Careful With That Axe, Eugene Ormandy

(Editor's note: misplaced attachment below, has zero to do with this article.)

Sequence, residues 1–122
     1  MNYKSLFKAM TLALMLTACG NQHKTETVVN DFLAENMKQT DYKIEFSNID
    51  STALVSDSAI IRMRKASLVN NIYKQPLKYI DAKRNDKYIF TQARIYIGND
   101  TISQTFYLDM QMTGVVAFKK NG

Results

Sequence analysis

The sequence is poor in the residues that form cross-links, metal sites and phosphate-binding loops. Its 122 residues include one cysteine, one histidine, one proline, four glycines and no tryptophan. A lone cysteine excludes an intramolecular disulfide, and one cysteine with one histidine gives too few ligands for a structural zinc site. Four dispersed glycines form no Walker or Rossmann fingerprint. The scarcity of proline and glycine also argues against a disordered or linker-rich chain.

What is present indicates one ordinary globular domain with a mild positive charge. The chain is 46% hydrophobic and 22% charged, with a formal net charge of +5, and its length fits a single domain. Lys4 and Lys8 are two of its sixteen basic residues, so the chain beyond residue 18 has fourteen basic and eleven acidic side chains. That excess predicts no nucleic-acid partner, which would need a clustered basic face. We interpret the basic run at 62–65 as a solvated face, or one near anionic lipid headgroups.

3519. Wolfgang Amadeus Mozart: Streichquintette Nr. 5 KV 593 & Nr. 6 KV 614 3520. Wolfgang Amadeus Mozart: Violinkonzert Nr. 5 A-dur KV 219 & Nr. 6 D-dur KV 271a 3521. Wolfgang Amadeus Mozart: Violinkonzert G-dur KV 216 & A-dur KV 219 3522. Wolfgang Amadeus Mozart: Klavierkonzerte Nr. 19 & 27 3523. Wolfgang Amadeus Mozart: Overtures 3524. Wolfgang Amadeus Mozart: Symphonien Nr. 39 Es-dur & Nr. 40 G-moll 3525. Wolfgang Amadeus Mozart: Vesperae Solennes de Confessore 3526. Wolfgang Amadeus Mozart: Concert voor fluit, harp en orkest in C KV 299 3527. Wolfgang Amadeus Mozart: Concerto for Flute and Orchestra No. 1 in G K313 & No. 2 in D K314 3528. Wolfgang Amadeus Mozart/Georg Friedrich Händel: "Idomeneo"/"Der Messias" 3529. Wolfgang Amadeus Mozart/Antonín Dvorák: Serenade no. 11 in Es, K.V. 375/ Serenade in d, op. 44 3530. Wolfgang Amadeus Mozart/Michael Haydn: Divertimento in B flat major K. 287/ Divertimento in G major 3531. Wolfgang Amadeus Mozart/Ludwig van Beethoven: Pianoconcert nr 21 in C, KV 467/ Piano-concert nr 1 in C, op. 15 3532. Modest Mussorgsky/Maurice Ravel: Bilder einer Ausstellung/Ma Mère l'Oye 3533. Jacques Offenbach: Gaîté Parisienne 3534. Sergei Prokofiev/Cesar Franck: Sinfonietta in A Major, Op. 5-48/Psyché 3535. Maurice Ravel: The Complete Orchestral Works 3536. Maurice Ravel: Gaspard de la nuit/Sonatine/La Valse 3537. Ottorino Respighi: Pines of Rome/Fountains of Rome 3538. Ottorino Respighi/Franz Schubert: The Birds/Symphony No. 3 in D Major Mixworthy: "Pavane pour une infante défunte," Maurice Ravel, #3535. Report cards, then interviews. I want to get this thing over and done with by the end of the holiday...One of the odder things I unofficially keep track of is what, at any given moment, is the most famous film I haven't seen. For a long time it was Dreyer's The Passion of Joan of Arc, then it was The African Queen, and for the last couple of years it's probably been Amadeus. (There's a chance I'm overlooking some obvious foreign-language film, though.) I don't think Forman's movie has any serious critical standing to speak of, but just by virtue of having won an Academy Award for best picture, it's famous. Its complete lack of appeal for me will see it retain its unseen-status until I check out...I don't know why I singled out Bach earlier as the classical composer I'm most likely to listen to. When not playing a specific piece like the Ravel listed above, violin music by Mozart is my default choice for classi- cal. I like one of the five sections of Ravel's "Mother Goose Suite" (#3532) just as much as "Pavane pour une infante défunte," but I'm too lazy to go and check which one it is right now. There are parts of Respighi's "Pines of Rome" I really like, too. There's something that links all the classical pieces I like best--Ravel, Respighi, DeBussy, Vaughan Williams--but I'd need a lot more know-how on the subject to attempt any kind of a serious description of what that is. I'll probably try anyway when I get to "The Lark Ascending"..."Pictures at an Exhibition" was Mussorgsky, which means that the classical composer who most influenced Emerson, Lake & Palmer went by the Christian name of "Modest." That seems about right. ________________________________________________________________________________ 3539. Camille Saint-Saëns: Violin Concerto No. 3 3540. Camille Saint-Saëns/E. Lalo: Introduction et Rondo capriccioso op. 28/ Symphonie espagnole op. 21 3541. Erik Satie: Musique pour piano à quatre mains 3542. Erik Satie: 3 Gymnopédies 3543. Franz Schubert: The Trout and Other Songs 3544. Franz Schubert: Sonata in B-Flat Major 3545. Franz Schubert: Sonata in C Minor, D.958 3546. Franz Schubert: Symfonie Nr. 8 "Onvoltooide" 3547. Robert Schumann: Concerto pour piano et orchestre 3548. Robert Schumann: Sonate Nr. 2/Kreisleriana 3549. John Philip Sousa: Stars & Stripes Forever 3550. The World of Johann Strauss 3551. Richard Strauss: Also sprach Zarathustra 3552. Richard Strauss: Four Last Songs 3553. Igor Stravinsky: Le Sacre du Printemps 3554. Igor Stravinsky/Wolfgang Amadeus Mozart: Konzert D-dur/Konzert B-dur KV 207 Mixworthy: "3 Gymnopédies," Erik Satie, #3542. It's alive--it's alive! I'm going to make a concerted effort to finish this before I return to school January 9th. Not finishing was never an issue--I'd never even con- sider abandoning something that, going by the 3700-LP estimation, is already 95% com- plete. I won't reiterate the usual array of factors slowing me down, but I'll mention a new one: sitting down and keying in a list of 15 or 20 classical albums is actually something of an ordeal...Satie's "3 Gymnopédies" is my single favourite piece of clas- sical music--it's a close call between that and Vaughan Williams' "The Lark Ascending," but based solely on the number of times I've listened to each one over the years, it's probably the Satie. It's such an over-familiar piece--I always have a few kids who rec- ognize it, often from some commercial--that in terms of creativity, that's about as startling as saying Kind of Blue is your favourite jazz record. I'm not even sure if it's correct to categorize it as classical; I've never been clear on where "classical" ends and "20th-century" art music begins, or if there's even any point in making such a distinction. (As far as the latter goes, my knowledge begins and ends with the name itself.) Anyway, as I once wrote in Jeff Pike's fanzine Tapeworm, I first got to know "3 Gymnopédies" through its use in Don Shebib's Goin' Down the Road, a Canadian film from 1970. The Satie piece plays as a transplanted Nova Scotianer stares dumbfounded at a woman inside Toronto's flagship Sam the Record Man store on Yonge St., a woman he has designs on meeting but will be prevented from doing so because the two of them don't really inhabit the same universe. I've had something of an obsession with that scene for years, one that was deepened when I learned (in a post-screening Q&A with the director) that the woman died soon after the film's completion. Following an in- comprehensible Boxing Day shooting outside Sam's this past Monday in which a 15-year- old bystander out shopping was killed, the scene resonates even more today. I haven't gone into Sam's on a Boxing Day for at least five years, and not in earnest for a lot longer than that, but all through high school Sam's was the first, last, and only stop on Boxing Day; the $1.99 and $2.99 LPs I loaded up on during those mid-70s Boxing Days accounted for a not insignificant percentage of my early collection. Maybe this girl was just getting started on building a CD collection of her own--the day, the location, and her age hit very close to home. ________________________________________________________________________________ 3555. Peter Tchaikovsky: Symphony No. 4 3556. Peter Tchaikovsky: Symphony No. 6 "Pathétique" 3557. Peter Tchaikovsky: 1812 Overture 3558. Peter Tchaikovsky: Piano Concerto No. 1 3559. Peter Tchaikovsky: The Seasons 3560. Peter Tchaikovsky: Ballettsuiten 3561. The World of Tchaikovsky 3562. Georg Philipp Telemann: 12 Fantasies for Violin without Bass 3563. Sir Michael Tippett: Concerto for Orchestra 3564. Music of Sir Michael Tippett 3565. Antonio Vivaldi: The Four Seasons 3566. Antonio Vivaldi: Lute Concertos and Trios 3567. Oboe Concertos by Vivaldi, Albinoni, Telemann, Hummel & Handel 3568. Richard Wagner: Siegfried Idyll 3569. Kurt Weill: Die Zwei Sinfonien 3570. Pastoral Music of Ralph Vaughan Williams 3571. Ralph Vaughan Williams Concert 3572. Ralph Vaughan Williams: Serenade to Music 3573. Ralph Vaughan Williams/Sir Edward Elgar: Fantasia on Greensleeves/"Enigma" Variations Mixworthy: "The Lark Ascending," Ralph Vaughan Williams, #3570. This finishes the "regular" classical section, leaving two more entries of classi- cally-related odds and ends, then two more for box sets. As soon as I finish, I will promptly begin an inventory of my 20,000 or so baseball cards ("17,251. Henry Cotto, 1991 Score, #282")...There's also a version of "The Lark Ascending" conducted by Neville Marriner on #3571. I've listed Sir Adrian Boult's because that's the one I've played far more often. I must have bought Marriner's much later; I wasn't even aware I owned a second version--but they're extremely similar. I came to "The Lark Ascend- ing" cold; I already owned the "Greensleeves" LP, I think, but unlike "3 Gymnopédies," I'd never heard the piece before when I bought it. It's the first thing I'd play for somebody if it were a really windy person who was in the habit of saying things like "Play something majestic for me." Like "My Favorite Things" and like "Cowgirl in the Sand," it's an epic that dissolves the world around you. Some of it soars, some is balanced precariously between a sustained note and silence, mountains come out of the sky, the muses dance and sing, they make the children really ring, you stand to lose all time. I get the same feeling from the background score heard in some of Spike Lee's movies; my guess is that Lee's father (Malcolm X) and Aaron Copland (He Got Game) were heavily influenced by Williams. "The Lark Ascending" is waiting for some director to lay it overtop the most stunningly contemplative 10-minute nature passage ever filmed. A few seconds of it were actually used in 24-Hour Party People, of all things. If I remember correctly, Williams turned up during the big "Pastoral Rave" sequence. ________________________________________________________________________________ 3574. Anton Arensky/M. Glinka: Trio No. 1 for Piano, Violin and Cello/Pathetic Trio for Piano, Violin and Cello 3575. Juozas Gruodis: Pieces for Piano 3576. O. Yanchenko/Igor Luchenok: Quartet No. 1 for Two Violins, Viola and Cello/ Quartet No. 1 for Two Violins, Viola and Cello 3577. Chamber Works by Y. Meitus 3578. Baroque Concertos 3579. Don Smithers: "The Trumpet Shall Sound" 3580. Don Smithers: Festliche Trompetenmusik des Barock 3581. Freddy Grin: Trumpet for the Millions 3582. Tanzmusik der Wiener Klassik 3583. Le Parnasse Français 3584. Musique Française des XV et XVI siècles 3585. Contemporary Ballets from France 3586. Holland Symphony 3587. Chinese Classical Masterpieces 3588. Masters at Work 3589. Musik auf der grosβen Orgel der Kaiser-Wilhelm-Gedächtnis-Kirche Berlin 3590. CBC Winnipeg Orchestra: Concert Performances from the 1974 CBC Winnipeg Festival 3591. Ton Koopman: Christmas Organ Music 3592. Arthur Grumiaux/Istvan Hajdu: Encore! Bravo! Da capo! 3593. Eduard Tubin: Violin Concerto No. 1 & Other Works 3594. The Art of Pablo Casals 3595. Waverly Consort: The Renaissance 3596. Janet Baker: A Treasury of English Songs 3597. Maria Callas: Carmen 3598. Maria Callas: La Gioconda 3599. Igor Gorin: Great Baritone Arias I bought the four albums leading off this group from the Vinyl Museum during its final year or two, when they all of a sudden had boxes and boxes of brand-new stuff on the Russian Melodiya label. I think it was all a dollar a record when they first put it out, and by the end everything was a quarter. Most of what they had was in the 10" format; I just took a look, and along with Black Market Clash and Billy "the Kid" Emerson's Crazy 'Bout Automobiles and the handful of other pop-related 10" records I own, there are 40 Melodiya titles, only about a quarter of which I got through be- fore boxing them. This would have been the mid-late '90s, timing that doesn't make it difficult to figure out how it all ended up in a used record store in Canada. From an online article entitled "Rebirth of a Record Company": "'The most valuable recordings had long since made their way to the West and were being handed from one firm to another,' said Andrei Troshin, chief editor at Melo- diya. 'It is almost impossible for us to take them to court for this. Many record- ings were stolen and all of the catalogues at Melodiya were destroyed in 1991-- people were working to cover their tracks. Fortunately, the thieves were too lazy to steal everything and there were copies of most of the recordings.'" To anyone who remembers the Vinyl Museum, it's amusing to think of it as a firm. Any- way, it was a one-of-a-kind haul (as much as I did buy, I should have picked up a copy of everything out there), and, in view of the circumstances by which it was made pos- sible, I feel a little like Jon Lovitz in The Wedding Singer: "The Soviet Empire is falling apart, and I'm reaping the benefits!" ________________________________________________________________________________ 3600. Ofra Harnoy: Cello Encores 3601. Liona Boyd: Miniatures for Guitar 3602. James Galway: Greatest Hits 3603. Zamfir/van Hoof Orchestra: Classics by Candlelight 3604. John Williams: Greatest Hits/The Guitar 3605. Zodiac: Music in the Universe 3606. The Music of Leroy Anderson 3607. Bron Journey: Journey to Bethlehem 3608. Ralph Carmichael Orchestra: Christmas Spirit...My Kind of Feeling! 3609. Marty and His Golden Trumpet: Golden Songs 3610. De Rju Nommele Hearen fan it Wetterskip 3611. Nederland zingt: volshiederen en kerstzang 3612. Cynthia Clawson: Immortal 3613. Accordeon Parade 3614. l'extraordinaire Pierre Cochereau aux grandes Orgues de Notre-Dame de Paris 3615. Mireille Mathieu: Die Liebe Einer Frau 3616. Beroemde Weense Walsen 3617. The World of Rawicz & Landauer 3618. Marines for the Millions 3619. Rajkumar and Indrani Rizvi: Romantic Reflections Ofra, Uma; Uma, Ofra--wait a minute, I already used that one with Ofra Haza...I think the only two albums I ever got around to listening to from this section were the two that lead off, which is why a lot of it ended up getting stuck here--not having played Nederland zingt's volshiederen en kerstzang, and in no hurry to do so, all I have to guide me as to its genre is the cover shot of some people ice skating in front of a windmill. I know it's not reggaeton, all else is possible...I'm not sure if John Wil- liams is the film composer or not; the album dates to the early '70s, so it could well be him. Zamfir is definitely Zamfir, master of the pan flute. Liona Boyd had a fling with Pierre Trudeau sometime after his split from Margaret; of Liona, Margaret, and Margot Kidder, #3601's beguiling cover photo is a strong argument in favour of Liona (she may also have been a touch more emotionally stable than the other two). Marty the Golden Trumpet guy is something to behold. I get the feeling "golden trumpet" carried more than one meaning...I didn't finish over Christmas as planned, but I'm down to two more entries for box sets. I'm going to take some time off work and relisten to them all first--I may listen to my Dr. Demento box more than once--so I'll see you in six months to a year.